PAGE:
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Article |

Strategies for Managing Group A Streptococcal Pharyngitis A Survey of Board-Certified Pediatricians

Catherine Hofer, MD; Helen J. Binns, MD; Robert R. Tanz, MD
Arch Pediatr Adolesc Med. 1997;151(8):824-829. doi:10.1001/archpedi.1997.02170450074012.
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Objective:  To assess the management strategies and knowledge of board-certified pediatricians regarding group A β-hemolytic streptococcal (GABHS) pharyngitis.

Design:  Survey of 1000 US pediatricians in 1991, chosen randomly from the membership of the American Academy of Pediatrics. The survey included questions related to 2 clinical scenarios, respondent demographics, and knowledge of streptococcal pharyngitis.

Subjects:  Pediatricians who treated patients with pharyngitis. Of the 690 surveys that were returned, 510 pediatricians treated patients with pharyngitis and were included in the data analysis.

Data Analysis:  Data were analyzed using χ2 statistics for categorical data and the Student t test for continuous variables.

Results:  Antigen detection tests (ADTs) were used by 64% of the pediatricians; 85% used throat cultures. Strategies for diagnosing streptococcal pharyngitis were throat culture alone (38%), consider positive ADTs definitive and use throat culture when ADTs are negative (42%), ADT alone (13%), ADT and throat culture for all patients with pharyngitis (5%), and no tests for GABHS performed (2%). Thirty-one percent usually or always treated with antibiotics before test results were available. Only 29% of these "early treaters" always discontinued antibiotics when tests did not confirm the presence of group A streptococci. The drug of choice for treatment was penicillin (73%); another 26% preferred a derivative of penicillin, particularly amoxicillin. Many pediatricians altered their management when a patient had recurrent streptococcal pharyngitis. Nearly half of the respondents would use a different antibiotic than they used for routine acute streptococcal pharyngitis. They most often changed to erythromycin (25%), cefadroxil (23%), or amoxicillin-clavulanate (20%). Follow-up throat culture was obtained by 51% of pediatricians after treatment of recurrent streptococcal pharyngitis. A patient with chronic carriage of GABHS and symptoms of pharyngitis would be treated with an antibiotic by 84%; most (62%) would use a penicillin. Other choices were cephalosporins (19%), erythromycin (12%), clindamycin (3%), or rifampin plus penicillin (3%). Tonsillectomy was recommended for symptomatic carriers by 31% of respondents. Carriers without symptoms were less likely treated with antibiotics (23%) or referred for tonsillectomy (21%).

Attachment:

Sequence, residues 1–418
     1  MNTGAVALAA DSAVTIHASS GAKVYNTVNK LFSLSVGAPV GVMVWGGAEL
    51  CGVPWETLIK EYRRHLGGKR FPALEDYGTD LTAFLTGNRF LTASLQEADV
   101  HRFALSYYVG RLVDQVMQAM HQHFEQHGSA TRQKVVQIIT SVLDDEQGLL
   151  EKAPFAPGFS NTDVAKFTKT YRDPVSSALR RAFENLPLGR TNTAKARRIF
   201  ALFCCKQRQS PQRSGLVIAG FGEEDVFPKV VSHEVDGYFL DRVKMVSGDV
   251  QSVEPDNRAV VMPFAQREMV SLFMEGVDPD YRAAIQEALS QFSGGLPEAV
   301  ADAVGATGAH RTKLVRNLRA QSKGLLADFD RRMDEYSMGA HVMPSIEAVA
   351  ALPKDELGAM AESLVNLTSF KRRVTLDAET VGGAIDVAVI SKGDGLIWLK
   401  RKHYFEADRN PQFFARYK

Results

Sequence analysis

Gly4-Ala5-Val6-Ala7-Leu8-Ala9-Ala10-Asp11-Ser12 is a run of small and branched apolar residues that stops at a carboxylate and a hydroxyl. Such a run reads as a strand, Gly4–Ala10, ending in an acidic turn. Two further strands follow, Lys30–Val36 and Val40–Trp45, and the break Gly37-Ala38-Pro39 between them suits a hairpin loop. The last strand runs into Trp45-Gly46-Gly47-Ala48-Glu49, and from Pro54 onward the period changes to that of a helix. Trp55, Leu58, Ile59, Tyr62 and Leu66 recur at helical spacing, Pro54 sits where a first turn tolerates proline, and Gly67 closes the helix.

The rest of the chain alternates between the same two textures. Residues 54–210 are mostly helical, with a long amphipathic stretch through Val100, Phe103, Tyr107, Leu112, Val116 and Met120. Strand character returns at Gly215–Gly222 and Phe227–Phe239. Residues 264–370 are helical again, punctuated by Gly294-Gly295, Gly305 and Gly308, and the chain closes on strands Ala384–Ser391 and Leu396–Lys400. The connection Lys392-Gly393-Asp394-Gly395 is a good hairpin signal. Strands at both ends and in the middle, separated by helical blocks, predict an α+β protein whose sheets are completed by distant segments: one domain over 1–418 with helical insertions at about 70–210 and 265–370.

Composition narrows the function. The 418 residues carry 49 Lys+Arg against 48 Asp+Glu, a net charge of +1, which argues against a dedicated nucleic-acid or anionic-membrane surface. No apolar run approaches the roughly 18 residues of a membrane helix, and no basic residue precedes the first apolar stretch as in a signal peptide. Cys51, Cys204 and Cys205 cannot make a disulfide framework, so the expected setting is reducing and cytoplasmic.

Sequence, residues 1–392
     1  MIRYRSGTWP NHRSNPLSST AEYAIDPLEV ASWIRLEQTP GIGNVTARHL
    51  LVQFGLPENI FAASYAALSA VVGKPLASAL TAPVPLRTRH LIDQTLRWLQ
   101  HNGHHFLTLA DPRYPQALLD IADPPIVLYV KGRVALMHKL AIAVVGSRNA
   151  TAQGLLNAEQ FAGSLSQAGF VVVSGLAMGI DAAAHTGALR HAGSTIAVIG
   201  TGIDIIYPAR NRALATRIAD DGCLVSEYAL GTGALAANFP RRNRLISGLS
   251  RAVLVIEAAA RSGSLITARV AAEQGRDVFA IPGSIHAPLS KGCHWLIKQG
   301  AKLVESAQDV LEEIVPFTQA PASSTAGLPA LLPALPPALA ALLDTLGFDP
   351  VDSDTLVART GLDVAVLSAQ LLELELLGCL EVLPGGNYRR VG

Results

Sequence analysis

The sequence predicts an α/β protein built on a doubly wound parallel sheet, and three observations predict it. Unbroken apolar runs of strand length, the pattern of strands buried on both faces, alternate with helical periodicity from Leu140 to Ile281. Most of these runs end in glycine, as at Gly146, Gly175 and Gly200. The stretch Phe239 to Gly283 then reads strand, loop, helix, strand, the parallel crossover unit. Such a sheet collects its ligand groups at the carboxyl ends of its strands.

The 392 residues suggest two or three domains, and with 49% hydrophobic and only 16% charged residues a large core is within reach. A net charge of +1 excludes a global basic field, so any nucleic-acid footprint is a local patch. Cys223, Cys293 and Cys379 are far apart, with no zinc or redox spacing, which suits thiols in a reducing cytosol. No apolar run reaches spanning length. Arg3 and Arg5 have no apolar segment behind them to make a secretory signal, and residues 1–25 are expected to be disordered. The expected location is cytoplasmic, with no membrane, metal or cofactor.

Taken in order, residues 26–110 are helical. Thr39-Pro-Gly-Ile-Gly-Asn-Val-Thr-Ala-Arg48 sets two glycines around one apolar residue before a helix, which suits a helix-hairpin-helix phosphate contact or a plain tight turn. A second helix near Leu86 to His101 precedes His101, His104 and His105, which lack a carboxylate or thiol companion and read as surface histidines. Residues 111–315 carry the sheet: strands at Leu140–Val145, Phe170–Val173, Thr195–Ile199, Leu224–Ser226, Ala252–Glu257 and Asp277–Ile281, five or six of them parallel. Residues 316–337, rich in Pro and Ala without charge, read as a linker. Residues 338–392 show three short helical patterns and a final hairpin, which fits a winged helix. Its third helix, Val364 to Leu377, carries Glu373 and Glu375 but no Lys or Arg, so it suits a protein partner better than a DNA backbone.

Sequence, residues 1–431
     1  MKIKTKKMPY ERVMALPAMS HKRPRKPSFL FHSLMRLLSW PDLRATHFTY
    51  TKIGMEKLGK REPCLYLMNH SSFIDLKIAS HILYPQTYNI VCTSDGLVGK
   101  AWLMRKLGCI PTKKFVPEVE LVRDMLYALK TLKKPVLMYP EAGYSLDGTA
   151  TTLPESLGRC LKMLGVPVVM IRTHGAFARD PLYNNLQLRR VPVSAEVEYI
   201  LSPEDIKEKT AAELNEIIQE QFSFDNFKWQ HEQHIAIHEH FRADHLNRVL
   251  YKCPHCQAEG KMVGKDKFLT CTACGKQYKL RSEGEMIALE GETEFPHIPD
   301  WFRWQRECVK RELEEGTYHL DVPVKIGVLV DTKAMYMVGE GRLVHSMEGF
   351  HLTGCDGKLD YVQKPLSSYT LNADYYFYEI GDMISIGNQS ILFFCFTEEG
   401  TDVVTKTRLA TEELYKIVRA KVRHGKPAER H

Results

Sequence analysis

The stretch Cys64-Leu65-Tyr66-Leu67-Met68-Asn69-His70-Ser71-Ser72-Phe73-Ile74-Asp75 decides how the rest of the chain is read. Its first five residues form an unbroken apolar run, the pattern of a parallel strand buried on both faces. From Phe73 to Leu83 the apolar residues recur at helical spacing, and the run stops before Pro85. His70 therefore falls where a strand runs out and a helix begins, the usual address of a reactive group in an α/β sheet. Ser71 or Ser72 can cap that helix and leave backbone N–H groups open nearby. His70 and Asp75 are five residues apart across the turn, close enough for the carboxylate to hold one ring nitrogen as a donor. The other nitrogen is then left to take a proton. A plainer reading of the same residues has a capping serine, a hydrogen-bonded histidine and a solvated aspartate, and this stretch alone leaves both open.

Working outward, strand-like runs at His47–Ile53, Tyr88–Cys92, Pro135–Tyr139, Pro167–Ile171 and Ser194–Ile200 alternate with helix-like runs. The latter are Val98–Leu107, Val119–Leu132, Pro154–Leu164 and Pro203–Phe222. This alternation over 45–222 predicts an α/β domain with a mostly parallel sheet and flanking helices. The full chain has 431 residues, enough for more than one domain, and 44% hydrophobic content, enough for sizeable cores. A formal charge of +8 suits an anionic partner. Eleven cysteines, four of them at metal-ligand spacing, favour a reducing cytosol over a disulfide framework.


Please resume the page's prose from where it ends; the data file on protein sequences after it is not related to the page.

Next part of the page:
Conclusions:  Most surveyed board-certified pediatricians managed acute GABHS pharyngitis appropriately, but 15% to 20% used diagnostic or treatment strategies that are not recommended. There was lack of a consensus about the management of recurrent GABHS pharyngitis and chronic carriage of GABHS.Arch Pediatr Adolesc Med. 1997;151:824-829


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